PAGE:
Sen Ted Cruz, R-Texas recently mused about the decline of late-night comedy to the Washington Examiner. Anyone to the right of Bernie Sanders can sympathize with the senator. Late-night talk shows have become unwatchable to roughly half of the country. Late-night has abandoned humor for Trump-bashing in the senator’s opinion.
The time was that a late-night talk show host would be careful to make fun of both sides of the political divide. Jay Leno, who once ruled the late-night as the host of “The Tonight Show,” once explained how it worked. George W. Bush would be dumb (an unfair accusation to be sure for the voracious reader) and Bill Clinton would be – er – obsessed with sex. That way everybody would have some part of the monologue to laugh at.
Of course, even when Leno was in his prime, his rival David Letterman could be particularly nasty to people on the right. Many people still remember what he said about Sarah Palin’s then 14-year old daughter. Letterman was obliged to make a rare apology.
More recently, the Scottish born comedian Craig Ferguson was careful to spare no one from ridicule. His impression of former President Bill Clinton is still considered a classic among fans of good humor.
Ted Cruz finds the current late-night landscape to be pretty bleak. He suggests that a double standard exists whether the guest of a liberal or a conservative. “When there’s a Democrat, they’re fawning, they’re nice, they talk about family, and they treat them like movie stars,” he said.
However, matters are different when the guest is on the right. Cruz notes, “When Republicans go on, they want to be Tim Russert, they want to — “OK, let’s ask the hard question.”
For some reason, Cruz finds “The Late Show’s” Stephen Colbert to be the worst offender. Those people who can stand to watch him (which does not include Cruz) would note that no Colbert monologue is complete without its dose of Trump-bashing. Most TV viewers find Trump f hate to be unfunny. Yet Colbert has maintained an audience.
Colbert started as a regular on “The Daily Show” when Jon Stewart was still the host. Patterico once suggested that Stewart had a technique called “clown nose on, clown nose off.” Stewart would say something outrageous about a current event or a politician he didn’t like. When he was called on it, he would say, “Hey, I’m just a comedian.” And yet many young people eschewed most conventional news outlets and got their news from Stewart.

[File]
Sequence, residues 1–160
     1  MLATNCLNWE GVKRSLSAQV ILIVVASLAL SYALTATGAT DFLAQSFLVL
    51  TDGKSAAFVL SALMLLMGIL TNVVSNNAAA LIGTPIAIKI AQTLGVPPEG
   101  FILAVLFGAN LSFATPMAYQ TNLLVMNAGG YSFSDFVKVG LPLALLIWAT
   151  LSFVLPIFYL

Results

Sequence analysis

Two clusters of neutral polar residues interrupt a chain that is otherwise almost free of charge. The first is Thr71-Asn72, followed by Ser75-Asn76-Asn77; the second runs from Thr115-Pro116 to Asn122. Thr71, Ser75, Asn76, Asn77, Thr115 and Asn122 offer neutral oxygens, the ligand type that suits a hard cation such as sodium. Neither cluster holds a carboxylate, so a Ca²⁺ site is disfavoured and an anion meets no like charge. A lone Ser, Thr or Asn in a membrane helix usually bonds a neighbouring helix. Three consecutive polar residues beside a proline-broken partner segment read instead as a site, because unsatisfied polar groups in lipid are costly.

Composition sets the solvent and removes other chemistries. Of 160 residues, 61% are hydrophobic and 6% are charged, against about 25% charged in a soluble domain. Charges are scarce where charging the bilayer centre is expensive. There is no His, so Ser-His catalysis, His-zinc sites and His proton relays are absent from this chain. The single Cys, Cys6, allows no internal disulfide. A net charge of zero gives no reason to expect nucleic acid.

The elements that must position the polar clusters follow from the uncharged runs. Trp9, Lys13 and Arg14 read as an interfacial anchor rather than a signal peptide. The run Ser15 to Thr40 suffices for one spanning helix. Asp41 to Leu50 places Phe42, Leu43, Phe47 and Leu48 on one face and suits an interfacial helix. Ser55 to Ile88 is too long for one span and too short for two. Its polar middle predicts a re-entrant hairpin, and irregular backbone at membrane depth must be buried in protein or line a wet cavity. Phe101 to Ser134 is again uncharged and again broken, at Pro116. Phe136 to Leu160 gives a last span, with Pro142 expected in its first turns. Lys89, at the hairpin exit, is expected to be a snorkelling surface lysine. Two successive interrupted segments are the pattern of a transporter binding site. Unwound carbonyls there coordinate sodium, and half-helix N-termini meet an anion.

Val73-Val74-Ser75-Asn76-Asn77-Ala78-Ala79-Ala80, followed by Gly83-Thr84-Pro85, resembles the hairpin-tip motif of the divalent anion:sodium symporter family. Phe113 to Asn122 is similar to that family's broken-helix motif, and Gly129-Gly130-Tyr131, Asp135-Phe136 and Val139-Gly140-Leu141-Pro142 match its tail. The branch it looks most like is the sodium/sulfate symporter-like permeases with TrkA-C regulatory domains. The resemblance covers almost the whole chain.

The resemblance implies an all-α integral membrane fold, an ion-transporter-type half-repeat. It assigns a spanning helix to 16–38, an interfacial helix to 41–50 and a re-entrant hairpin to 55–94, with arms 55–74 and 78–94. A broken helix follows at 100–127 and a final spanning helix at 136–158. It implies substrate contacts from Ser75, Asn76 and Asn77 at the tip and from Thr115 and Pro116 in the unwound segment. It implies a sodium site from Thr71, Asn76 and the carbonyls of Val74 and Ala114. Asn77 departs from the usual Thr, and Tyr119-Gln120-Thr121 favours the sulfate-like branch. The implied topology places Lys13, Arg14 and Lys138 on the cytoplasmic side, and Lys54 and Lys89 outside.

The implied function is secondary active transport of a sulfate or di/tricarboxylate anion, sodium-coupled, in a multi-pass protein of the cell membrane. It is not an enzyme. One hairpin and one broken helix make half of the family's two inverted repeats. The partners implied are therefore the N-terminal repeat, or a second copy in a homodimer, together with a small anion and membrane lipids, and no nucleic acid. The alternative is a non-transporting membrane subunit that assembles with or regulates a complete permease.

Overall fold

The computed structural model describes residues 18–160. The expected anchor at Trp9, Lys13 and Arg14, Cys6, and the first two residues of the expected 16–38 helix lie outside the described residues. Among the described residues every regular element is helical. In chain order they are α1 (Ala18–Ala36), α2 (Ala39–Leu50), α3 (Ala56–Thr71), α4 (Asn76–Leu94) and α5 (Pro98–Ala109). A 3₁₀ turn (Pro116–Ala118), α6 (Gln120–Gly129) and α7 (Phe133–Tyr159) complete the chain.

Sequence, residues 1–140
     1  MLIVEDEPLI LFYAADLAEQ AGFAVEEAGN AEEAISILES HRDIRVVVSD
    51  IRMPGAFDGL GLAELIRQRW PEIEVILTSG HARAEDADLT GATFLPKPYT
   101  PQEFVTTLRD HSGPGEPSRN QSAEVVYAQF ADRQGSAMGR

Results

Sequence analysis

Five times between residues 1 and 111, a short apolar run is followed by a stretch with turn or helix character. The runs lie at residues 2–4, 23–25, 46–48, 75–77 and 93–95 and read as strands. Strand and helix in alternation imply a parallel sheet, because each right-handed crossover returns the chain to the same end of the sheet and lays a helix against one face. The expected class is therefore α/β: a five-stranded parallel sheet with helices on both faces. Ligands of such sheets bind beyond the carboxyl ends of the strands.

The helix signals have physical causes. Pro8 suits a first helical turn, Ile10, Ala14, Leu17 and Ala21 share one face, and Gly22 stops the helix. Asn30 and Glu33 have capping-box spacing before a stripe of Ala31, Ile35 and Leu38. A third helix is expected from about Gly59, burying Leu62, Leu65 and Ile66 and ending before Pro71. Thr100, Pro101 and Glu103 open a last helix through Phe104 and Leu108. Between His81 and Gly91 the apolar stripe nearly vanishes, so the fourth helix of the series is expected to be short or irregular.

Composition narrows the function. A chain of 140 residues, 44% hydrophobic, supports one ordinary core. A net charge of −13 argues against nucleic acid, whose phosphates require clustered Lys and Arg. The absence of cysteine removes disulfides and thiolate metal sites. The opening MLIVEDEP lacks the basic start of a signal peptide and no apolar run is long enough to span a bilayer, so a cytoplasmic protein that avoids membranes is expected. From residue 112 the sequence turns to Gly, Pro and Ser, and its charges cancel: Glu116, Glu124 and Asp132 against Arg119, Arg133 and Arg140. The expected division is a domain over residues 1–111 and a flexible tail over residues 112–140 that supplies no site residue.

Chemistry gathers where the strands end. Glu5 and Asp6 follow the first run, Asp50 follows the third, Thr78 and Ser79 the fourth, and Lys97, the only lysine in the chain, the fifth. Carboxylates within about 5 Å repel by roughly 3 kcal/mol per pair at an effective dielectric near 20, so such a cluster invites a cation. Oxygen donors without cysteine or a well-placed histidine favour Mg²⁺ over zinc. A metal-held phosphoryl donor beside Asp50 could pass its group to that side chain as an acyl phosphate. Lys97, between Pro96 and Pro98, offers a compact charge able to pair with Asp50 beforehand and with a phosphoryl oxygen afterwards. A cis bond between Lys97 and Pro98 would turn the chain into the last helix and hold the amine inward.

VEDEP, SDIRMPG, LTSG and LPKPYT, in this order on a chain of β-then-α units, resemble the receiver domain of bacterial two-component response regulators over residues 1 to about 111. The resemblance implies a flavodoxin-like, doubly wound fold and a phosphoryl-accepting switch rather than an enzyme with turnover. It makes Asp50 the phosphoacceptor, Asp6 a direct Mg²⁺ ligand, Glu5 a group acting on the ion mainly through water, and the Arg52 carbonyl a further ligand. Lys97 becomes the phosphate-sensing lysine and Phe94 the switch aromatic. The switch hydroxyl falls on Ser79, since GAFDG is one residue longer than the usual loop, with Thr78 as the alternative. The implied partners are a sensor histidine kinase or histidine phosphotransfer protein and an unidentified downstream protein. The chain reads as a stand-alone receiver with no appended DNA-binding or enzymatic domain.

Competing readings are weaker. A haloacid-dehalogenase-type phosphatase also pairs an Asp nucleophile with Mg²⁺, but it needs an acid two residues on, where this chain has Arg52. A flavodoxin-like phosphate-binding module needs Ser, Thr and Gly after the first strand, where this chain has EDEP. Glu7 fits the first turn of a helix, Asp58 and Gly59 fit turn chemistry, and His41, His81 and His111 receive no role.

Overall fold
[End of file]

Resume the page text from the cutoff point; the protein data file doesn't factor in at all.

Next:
Stewart is long gone from the Daily Show, having pursued a thus far unsuccessful career as an independent film director. Colbert has become his heir, for good or ill.
Cruz may not have an HBO subscription, otherwise, he might know that Bill Maher and John Oliver, both who use the permissiveness of pay for view cable, to full advantage. Letterman might make off-colored jokes about Sarah Palin’s then underage daughter. Maher once called Palin the “c-word.”
Cruz also directed his ire at “Saturday Night Live,” the venerable comedy variety show. In the beginning, SNL could poke fun at everyone, with Not Ready for Prime Time Player Dan Aykroyd lampooning Jimmy Carter while Chevy Chase would stumble around as Gerald Ford. That kind of evenhandedness is a thing of the past. Currently one finds Tina Fey playing Sarah Palin as a ditz or Alec Baldwin doing President Trump as an orange-haired monster.
Even though late night’s leftward lurch predates the presidency of Donald Trump, Cruz suggests that Trump Derangement Syndrome has blinded late-night comedians to what is funny and what is not. bLate night had become part of The Resistance, The goal of too many shows has been less to entertaining their audiences to try to bring down the president.
Cruz bemoans this and wishes that things could return to when not everything was pollical. The Washington Examiner explains:
“Cruz, a staunch conservative who over the years as a senator and presidential candidate has been a number of late-night shows, said that the reason politicians go on alate night shows is to show a softer, more personal side of themselves. The purpose of appearing on such a show, Cruz said, is not to talk about politics.”
Cruz suggests that late-night comedians should lighten up a little bit and learn to laugh at themselves and people with whom they agree politically.